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In his book The Great Escape, Angus Deaton aptly summarizes the keys to achieving progress, “new knowledge, new inventions, and new ways of doing things…” In the context of Tuberculosis (TB) prevention and management, these critical measures are further echoed in the World Health Organization’s (WHO) Global TB Report,2021. The report, along with other data indicates that we are making commendable progress in generating new knowledge, new inventions and innovating in TB prevention, screening and treatment. This progress is resulting in a positive outcome shift, propelling us to meet the END TB Global 2030 targets. Having spent the past two years supporting Tuberculosis drug and diagnostic country introduction, I’d like to highlight a few of my favorite TB successes/milestones in the thematic areas of screening, prevention and treatment in Lesotho.
Screening and Diagnosis: To increase TB case detection amongst people living with Advanced HIV Disease, in 2020, Lesotho adopted the use of TB Lateral Flow Urine Lipoarabinomannan Assay (TB LAM), a point of care rapid diagnostic test, which has great potential to increase case detection. Advantages associated TB LAM usage include: ease of obtaining specimen sample (urine) and usage within primary care facilities, thus increasing case detection across the continuum of care settings. A promising intervention indeed.
TB Preventive Therapy (TPT): TB preventive therapy is a critical active TB –averting intervention. However, traditional regimens such as Isoniazid Preventive Therapy (IPT) require patients to stick to treatment for 6-36 months. This length of time often leads to poor adherence and defaulting. An alternative option to such regimens is 3HP, a short course TPT regimen formed of two TB drugs, Isoniazid and Rifapentine. Unlike IPT, 3HP therapy can be completed over the course of 3 months. Lesotho adopted 3HP usage in 2019, a decision which is proving to greatly benefit for TPT recipients.
Treatment: Similar to long-course TPT, lengthy treatment times for multi-drug resistant TB (MDR-TB) are not patient-friendly, and increase the likelihood of poor adherence and subsequent treatment defaulting. In an effort to explore less toxic, cost-effective shorter treatment courses, Lesotho joined the endTB initiative, which is currently running a multi-country observational study which aims to assess the effectiveness of two new treatment drugs: Bedaquiline and Delanamid in the management of MDR-TB. In 2021, study enrollment was reported to be complete in all countries, a crucial step to carrying out and completing the study. With data from other studies signaling improved treatment outcomes from using this regimen (Kim et al, 2018), this study promises to generate much needed evidence on these two novel drugs!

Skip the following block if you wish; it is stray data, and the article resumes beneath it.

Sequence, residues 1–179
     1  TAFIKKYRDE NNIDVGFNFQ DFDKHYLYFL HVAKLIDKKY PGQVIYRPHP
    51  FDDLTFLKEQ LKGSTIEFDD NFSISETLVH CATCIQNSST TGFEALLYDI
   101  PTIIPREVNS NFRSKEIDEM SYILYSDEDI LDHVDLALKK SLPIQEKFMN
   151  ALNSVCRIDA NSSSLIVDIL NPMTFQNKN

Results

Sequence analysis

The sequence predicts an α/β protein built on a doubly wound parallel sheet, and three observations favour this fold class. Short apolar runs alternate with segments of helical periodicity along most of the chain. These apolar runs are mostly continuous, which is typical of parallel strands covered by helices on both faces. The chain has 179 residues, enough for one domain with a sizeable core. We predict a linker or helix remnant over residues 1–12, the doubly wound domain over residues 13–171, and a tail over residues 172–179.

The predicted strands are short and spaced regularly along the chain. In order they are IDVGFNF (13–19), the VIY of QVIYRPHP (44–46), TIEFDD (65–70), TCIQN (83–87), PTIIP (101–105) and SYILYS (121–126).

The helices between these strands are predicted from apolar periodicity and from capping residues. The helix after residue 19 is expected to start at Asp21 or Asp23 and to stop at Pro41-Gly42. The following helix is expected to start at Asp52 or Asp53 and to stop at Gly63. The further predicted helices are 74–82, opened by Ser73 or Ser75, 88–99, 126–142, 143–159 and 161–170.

Having highlighted these significant achievements, it is important to appreciate that in order for Lesotho and the rest of the world to eliminate TB by 2030, more targeted efforts are required. In Lesotho for example, gaps in access to screening for key populations threaten to stunt TB outcomes. A group of concern is men who, compared to their female counterparts; often present to care late, at a stage where they are severely ill. We should leverage on our success in developing differentiated service delivery models and pathways for HIV/AIDS management and transfer key lessons across the TB care cascade. From an adherence standpoint, we should dedicate more effort towards optimizing adherence strategies, by moving beyond Directly Observed therapy (DOT) and tapping on adherence technology.
The furtherance of TB knowledge and management optimization hinges on our investment towards TB research and access to care across the entire TB care cascade. Globally, we are making somewhat notable progress; with the WHO Global TB report of 2021 documenting that annual investments made in TB research as well as access to TB prevention and care amounted to US $ 901 million and US $ 5.3 billion respectively. These figures however, fall short of the set UN targets: US $ 2 billion annually for TB research, and US $ 13 billion annually for access to TB prevention and care. There is room to invest more.
May this day fuel our commitment to ending the Tuberculosis epidemic and saving lives.